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Monday, January 14, 2008

4 = 5

One of Professor Egghead's undergrad students had tried to prove that 2 is equal to 1, but he saw through that trick very quickly. A few days later the professor decided to turn the tables on his class. He brought in the following proof and wrote it on the chalkboard. He then told the class that the first student who could explain where the proof failed and why would get an automatic 'A' on the next test.

-20 = -20

1. Rewrite the two given values as differences:

16-36 = 25-45

2. Replace the four values from step 1 as products:

4² - (9x4) = 5² - (9x5)

3. Add 81/4 to each side:

4² - (9x4) + 81/4 = 5² - (9x5) + 81/4

4. Factor both sides of the equation:

(4 - 9/2)² = (5 - 9/2)²

5. Take the square root of each side:

4 - 9/2 = 5 - 9/2

6. Add 9/2 to each side and we end up with:

4 = 5

The students tried and tried to figure out where the problem was but none of them could solve the puzzle. Can you?


Anthony Hurst said...

The square root of a negtive number is imaginary; basically impossible.

Adam said...

Actually, I'd like to post a different answer: The problem is not taking the square root of a negative number. In step 5, when we take the square root, we're taking the square root of (4-9/2)^2, in other words, sqrt((-1/2)^2) = sqrt(1/4). So we're not taking the square root of a negative number, the problem is not specifying which root we're using. On the left, we're using the negative root of 1/4, on the right, we're using the positive root of 1/4.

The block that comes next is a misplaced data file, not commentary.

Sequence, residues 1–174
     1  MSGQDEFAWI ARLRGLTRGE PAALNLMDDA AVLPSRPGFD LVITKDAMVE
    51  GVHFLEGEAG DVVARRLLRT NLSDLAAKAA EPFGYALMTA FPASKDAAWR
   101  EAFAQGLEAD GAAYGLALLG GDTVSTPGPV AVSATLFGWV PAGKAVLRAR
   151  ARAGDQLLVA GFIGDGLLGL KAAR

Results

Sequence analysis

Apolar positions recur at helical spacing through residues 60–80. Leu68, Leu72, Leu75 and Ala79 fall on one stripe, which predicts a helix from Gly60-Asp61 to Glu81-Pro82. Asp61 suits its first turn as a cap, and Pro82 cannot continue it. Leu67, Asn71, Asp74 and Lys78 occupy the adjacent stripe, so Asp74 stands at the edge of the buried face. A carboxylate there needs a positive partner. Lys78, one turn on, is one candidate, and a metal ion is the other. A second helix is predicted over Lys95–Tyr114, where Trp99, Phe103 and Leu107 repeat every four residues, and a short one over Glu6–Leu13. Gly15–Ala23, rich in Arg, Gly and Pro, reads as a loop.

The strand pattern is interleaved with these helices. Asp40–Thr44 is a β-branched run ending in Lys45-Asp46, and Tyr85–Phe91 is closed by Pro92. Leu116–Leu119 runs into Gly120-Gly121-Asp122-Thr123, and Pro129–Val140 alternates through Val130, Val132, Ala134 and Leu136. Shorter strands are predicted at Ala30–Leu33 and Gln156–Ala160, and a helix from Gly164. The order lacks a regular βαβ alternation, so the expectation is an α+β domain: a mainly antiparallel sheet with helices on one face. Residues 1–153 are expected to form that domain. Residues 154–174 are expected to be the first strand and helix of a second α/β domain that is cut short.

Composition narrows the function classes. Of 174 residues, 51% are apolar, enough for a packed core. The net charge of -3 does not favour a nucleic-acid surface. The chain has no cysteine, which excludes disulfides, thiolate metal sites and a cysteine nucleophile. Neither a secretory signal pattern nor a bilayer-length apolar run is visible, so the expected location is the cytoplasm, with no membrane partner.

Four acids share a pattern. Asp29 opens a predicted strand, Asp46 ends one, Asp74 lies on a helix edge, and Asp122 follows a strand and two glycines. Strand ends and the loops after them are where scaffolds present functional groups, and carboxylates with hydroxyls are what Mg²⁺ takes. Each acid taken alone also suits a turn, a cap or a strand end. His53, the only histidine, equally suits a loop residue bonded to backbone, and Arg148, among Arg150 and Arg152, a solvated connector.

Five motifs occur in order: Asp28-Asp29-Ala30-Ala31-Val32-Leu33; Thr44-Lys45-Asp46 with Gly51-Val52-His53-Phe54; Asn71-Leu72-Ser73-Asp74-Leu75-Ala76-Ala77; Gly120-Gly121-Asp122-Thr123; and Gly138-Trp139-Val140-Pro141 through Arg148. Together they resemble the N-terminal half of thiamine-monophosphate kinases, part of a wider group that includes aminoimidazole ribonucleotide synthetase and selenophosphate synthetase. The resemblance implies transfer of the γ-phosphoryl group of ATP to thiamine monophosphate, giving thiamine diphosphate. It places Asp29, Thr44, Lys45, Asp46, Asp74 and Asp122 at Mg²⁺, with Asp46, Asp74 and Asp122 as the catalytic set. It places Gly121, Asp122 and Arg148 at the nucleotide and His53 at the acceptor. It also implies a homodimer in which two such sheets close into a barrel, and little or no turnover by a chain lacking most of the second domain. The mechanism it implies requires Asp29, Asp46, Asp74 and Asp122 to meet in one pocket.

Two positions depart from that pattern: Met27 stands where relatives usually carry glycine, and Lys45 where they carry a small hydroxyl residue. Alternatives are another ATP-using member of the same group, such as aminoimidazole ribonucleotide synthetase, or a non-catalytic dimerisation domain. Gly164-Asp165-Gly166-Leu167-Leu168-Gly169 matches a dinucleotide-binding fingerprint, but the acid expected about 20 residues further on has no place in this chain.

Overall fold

Chris said...

Ok my confusion occurs between steps three and four on the left side of the equation

Step 3) breaks down as 16-15.75=.25 a positive number

Step 4) 4-4.5=-.5 a negative number

so 4^2 in step 4 equals the 16 in step 3


-4.5^2 (20.25) in step 4 does not equal the -15.75 in step 3

Erik said...


You cannot break down a square like that.

(4 - 9/2)² <> (4)² - (9/2)²

Think of it like this:

(5)² - (4)² = 25 - 16 = 9

which is not the same as:

(5 - 4)² = (1)² = 1

You have to solve all the additions and subtractions inside the parenthesis before you square the value. The square function is not distributive.

Adam correctly pointed out that there really wasn't anything mathematically wrong with any of the steps except that in step 5, when we took a square root, we chose a different valid root on either side of the equation, which cannot be done.

The square of +5 and the square of -5 are both +25. Whenever you take a square root of a positive number the result COULD be either positive OR negative. It's easier to deal with positive numbers so we don't always think about the other valid answer.